Developing a Qualitative Needs Assessment Tool to be Used by the Cooperative Extension Professional Working with Beef Producers

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Virginia Tech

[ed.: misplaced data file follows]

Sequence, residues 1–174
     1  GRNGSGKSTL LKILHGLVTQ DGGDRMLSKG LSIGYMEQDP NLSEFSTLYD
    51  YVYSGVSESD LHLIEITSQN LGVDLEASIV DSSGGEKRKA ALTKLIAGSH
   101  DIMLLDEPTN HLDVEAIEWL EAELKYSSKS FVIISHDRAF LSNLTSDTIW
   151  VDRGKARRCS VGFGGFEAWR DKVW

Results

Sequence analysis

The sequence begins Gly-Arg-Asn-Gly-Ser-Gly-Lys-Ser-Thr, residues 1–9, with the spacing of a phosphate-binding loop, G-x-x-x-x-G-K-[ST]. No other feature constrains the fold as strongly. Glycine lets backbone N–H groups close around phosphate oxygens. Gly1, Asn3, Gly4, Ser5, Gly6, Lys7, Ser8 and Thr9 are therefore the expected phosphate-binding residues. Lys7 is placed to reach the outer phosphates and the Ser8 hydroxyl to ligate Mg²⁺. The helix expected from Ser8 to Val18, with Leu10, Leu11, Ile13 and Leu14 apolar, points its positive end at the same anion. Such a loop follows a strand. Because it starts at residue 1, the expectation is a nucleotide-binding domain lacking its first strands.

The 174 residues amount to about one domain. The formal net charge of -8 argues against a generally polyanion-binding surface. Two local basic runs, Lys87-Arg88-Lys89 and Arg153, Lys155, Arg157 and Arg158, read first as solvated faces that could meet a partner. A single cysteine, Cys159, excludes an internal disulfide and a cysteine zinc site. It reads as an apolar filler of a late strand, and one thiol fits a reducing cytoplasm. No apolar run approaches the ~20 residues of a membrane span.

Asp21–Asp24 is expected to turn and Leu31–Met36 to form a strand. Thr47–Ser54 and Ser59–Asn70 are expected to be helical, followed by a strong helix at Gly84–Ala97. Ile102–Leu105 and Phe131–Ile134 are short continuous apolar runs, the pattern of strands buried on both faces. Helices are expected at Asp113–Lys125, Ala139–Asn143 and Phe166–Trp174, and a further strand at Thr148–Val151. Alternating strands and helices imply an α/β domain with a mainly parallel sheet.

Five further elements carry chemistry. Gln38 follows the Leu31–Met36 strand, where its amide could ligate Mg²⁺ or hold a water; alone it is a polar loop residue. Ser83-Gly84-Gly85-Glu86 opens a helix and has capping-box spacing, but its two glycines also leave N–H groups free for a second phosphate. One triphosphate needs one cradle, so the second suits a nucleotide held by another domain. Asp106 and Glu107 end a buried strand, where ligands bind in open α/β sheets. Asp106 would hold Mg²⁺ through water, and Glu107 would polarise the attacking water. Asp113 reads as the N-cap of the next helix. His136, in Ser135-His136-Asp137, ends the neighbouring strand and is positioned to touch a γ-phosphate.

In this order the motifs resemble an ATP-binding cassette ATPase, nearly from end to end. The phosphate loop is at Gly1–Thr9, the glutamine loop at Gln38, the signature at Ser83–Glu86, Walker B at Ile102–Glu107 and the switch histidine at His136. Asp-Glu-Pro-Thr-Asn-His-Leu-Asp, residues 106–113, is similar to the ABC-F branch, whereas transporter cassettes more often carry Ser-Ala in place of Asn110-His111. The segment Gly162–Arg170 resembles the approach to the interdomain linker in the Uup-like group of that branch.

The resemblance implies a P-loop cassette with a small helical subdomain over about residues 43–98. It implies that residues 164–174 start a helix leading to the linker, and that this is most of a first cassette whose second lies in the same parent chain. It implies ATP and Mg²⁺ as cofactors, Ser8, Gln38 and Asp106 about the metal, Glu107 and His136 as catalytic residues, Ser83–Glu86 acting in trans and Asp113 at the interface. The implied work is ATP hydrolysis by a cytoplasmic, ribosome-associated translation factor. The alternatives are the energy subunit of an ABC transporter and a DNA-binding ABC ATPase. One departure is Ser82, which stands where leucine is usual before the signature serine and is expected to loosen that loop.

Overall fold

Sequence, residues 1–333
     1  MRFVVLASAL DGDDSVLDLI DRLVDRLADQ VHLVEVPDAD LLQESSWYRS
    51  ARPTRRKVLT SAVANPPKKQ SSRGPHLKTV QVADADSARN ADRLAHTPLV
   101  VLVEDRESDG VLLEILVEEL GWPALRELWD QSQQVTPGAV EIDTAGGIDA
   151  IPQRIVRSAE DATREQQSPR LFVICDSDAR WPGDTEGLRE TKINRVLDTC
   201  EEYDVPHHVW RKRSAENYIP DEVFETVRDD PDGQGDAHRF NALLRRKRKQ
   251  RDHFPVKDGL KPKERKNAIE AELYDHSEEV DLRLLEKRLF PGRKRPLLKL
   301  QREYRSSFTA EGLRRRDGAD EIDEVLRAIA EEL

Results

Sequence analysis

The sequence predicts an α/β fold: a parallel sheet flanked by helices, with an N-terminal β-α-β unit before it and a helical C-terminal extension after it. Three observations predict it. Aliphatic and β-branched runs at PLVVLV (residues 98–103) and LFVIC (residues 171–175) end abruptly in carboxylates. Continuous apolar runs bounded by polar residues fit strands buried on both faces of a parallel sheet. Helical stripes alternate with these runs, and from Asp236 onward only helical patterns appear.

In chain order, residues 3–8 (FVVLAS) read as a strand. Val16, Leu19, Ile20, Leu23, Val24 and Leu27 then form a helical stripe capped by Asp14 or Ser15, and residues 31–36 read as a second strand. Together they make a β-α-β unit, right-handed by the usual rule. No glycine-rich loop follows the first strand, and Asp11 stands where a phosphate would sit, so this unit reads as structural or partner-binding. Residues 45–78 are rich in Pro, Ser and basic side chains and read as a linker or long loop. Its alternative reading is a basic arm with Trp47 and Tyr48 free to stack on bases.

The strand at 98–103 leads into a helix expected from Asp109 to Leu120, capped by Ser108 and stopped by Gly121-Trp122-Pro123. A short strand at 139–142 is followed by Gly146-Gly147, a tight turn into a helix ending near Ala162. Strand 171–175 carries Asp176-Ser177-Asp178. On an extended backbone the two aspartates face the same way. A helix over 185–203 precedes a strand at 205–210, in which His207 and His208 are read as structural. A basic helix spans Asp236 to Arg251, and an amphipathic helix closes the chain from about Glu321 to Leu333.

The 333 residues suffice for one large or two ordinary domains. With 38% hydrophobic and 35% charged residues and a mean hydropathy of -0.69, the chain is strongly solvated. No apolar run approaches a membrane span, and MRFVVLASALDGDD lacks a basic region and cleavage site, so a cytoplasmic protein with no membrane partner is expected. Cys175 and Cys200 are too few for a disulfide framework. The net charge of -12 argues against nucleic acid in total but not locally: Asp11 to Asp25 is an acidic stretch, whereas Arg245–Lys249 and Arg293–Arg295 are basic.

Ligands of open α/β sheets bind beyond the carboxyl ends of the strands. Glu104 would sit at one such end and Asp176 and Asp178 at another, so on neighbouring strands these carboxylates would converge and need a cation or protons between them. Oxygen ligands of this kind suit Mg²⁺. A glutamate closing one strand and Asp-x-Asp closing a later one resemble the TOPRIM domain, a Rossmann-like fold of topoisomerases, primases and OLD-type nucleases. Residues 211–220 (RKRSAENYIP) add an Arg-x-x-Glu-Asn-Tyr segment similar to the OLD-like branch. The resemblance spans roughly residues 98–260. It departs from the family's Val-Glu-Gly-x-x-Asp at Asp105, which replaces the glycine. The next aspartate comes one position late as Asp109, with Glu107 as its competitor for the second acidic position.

Cooperative Extension professionals have long relied heavily on a needs assessment approach to lay the foundation for the creation of educational opportunities that are both applicable and pertinent in meeting the historically assumed goals of increased profitability and sustainability in agriculture production. Utilization of a formalized needs assessment approach has the proven potential to be utilized by the Extension agent in the development of understanding with clientele; along with ultimately serving to assist in the identification of needs that are specific to the individual communities in which agents serve. Educational programming and resource allocation plans can then be developed, post needs assessment, with mind to the specific needs identified as a result of the process. Traditional needs assessments can be carried out through a multitude of mediums; to include surveying, interviews, advisory committees, focus groups, community forums, the use of existing data, and any multitude of mixing and matching of the aforementioned. Regardless of the chosen medium, the true value of needs assessment for Extension programming relies on its ability to successfully identify stakeholder needs, and to be empowered with the necessary information to design programs, products, and services to ultimately meet those needs (Garst & McCawley, 2015). Through the identification of agricultural producers’ goals and production limitations, the Extension agent is armed and empowered with information that is necessary in the creation of successful agriculture education program design and the further development of services provided within their communities. It remains important for Extension agents to be able to “meet clients where they are at.” Feelings, goals, and production limitations have significant potential to stand as limiting factors to educational uptake, if not addressed, in programming that has been historically centered around increased profitability and sustainability. Without identifying producer goals, motivation, and addressing limiting factors to production within education, the Extension professional may face challenges in terms of programmatic impact and buy-in. An educator must exhibit considerable objectivity in working with public and they sometimes tend to assume they know what is best for their clientele (Boone et al., 2002). Increased profitability and sustainability seem to be the low-hanging, easily identifiable need of agriculture education; however, this historical belief may not be the case for the majority of contemporary program participants. If nothing else, this assumption is worth investigation by the contemporary Extension professional who has the ultimate goal of meeting current needs within a contemporary clientele base. The ever-changing agricultural climate and an aging agriculture producer pool make it all the more important for contemporary Extension professionals to be proficient at identifying the current needs of agriculture producers in the geographic area that they serve. The purpose of this project is to create a replicable, easily applied methodology that can be used to assess the educational needs of beef producers throughout Central Virginia. Locality based needs will primarily be determined by the identification of producer identified operational goals and the limitations that producers face in meeting those personal operational goals via interview. The information collected during the producer centered interviews will then be evaluated for key, repeatable themes and eventually have the capability to be applied by local Extension professionals to determine educational focus; ultimately determining and affecting local, available Extension resource application. This project successfully identified both beef producer goals and the specific production limitations faced within a set locality and programmatic focus of Extension service. The project also served to produce a roadmap of determined importance for addressing both goals and limitations within educational programming, based upon the frequency of response within the saturated sample of project participants. The interview protocol and needs assessment approach developed through this specific project shows the potential to benefit both beginning career Extension agents, as well as long term career agents, in the tasks of identification and prioritization of addressed educational topics, resource allocation, and relationship building within a community. The project shed light on the importance of providing specialized educational resources and how Extension can better serve a contemporary clientele base moving forward.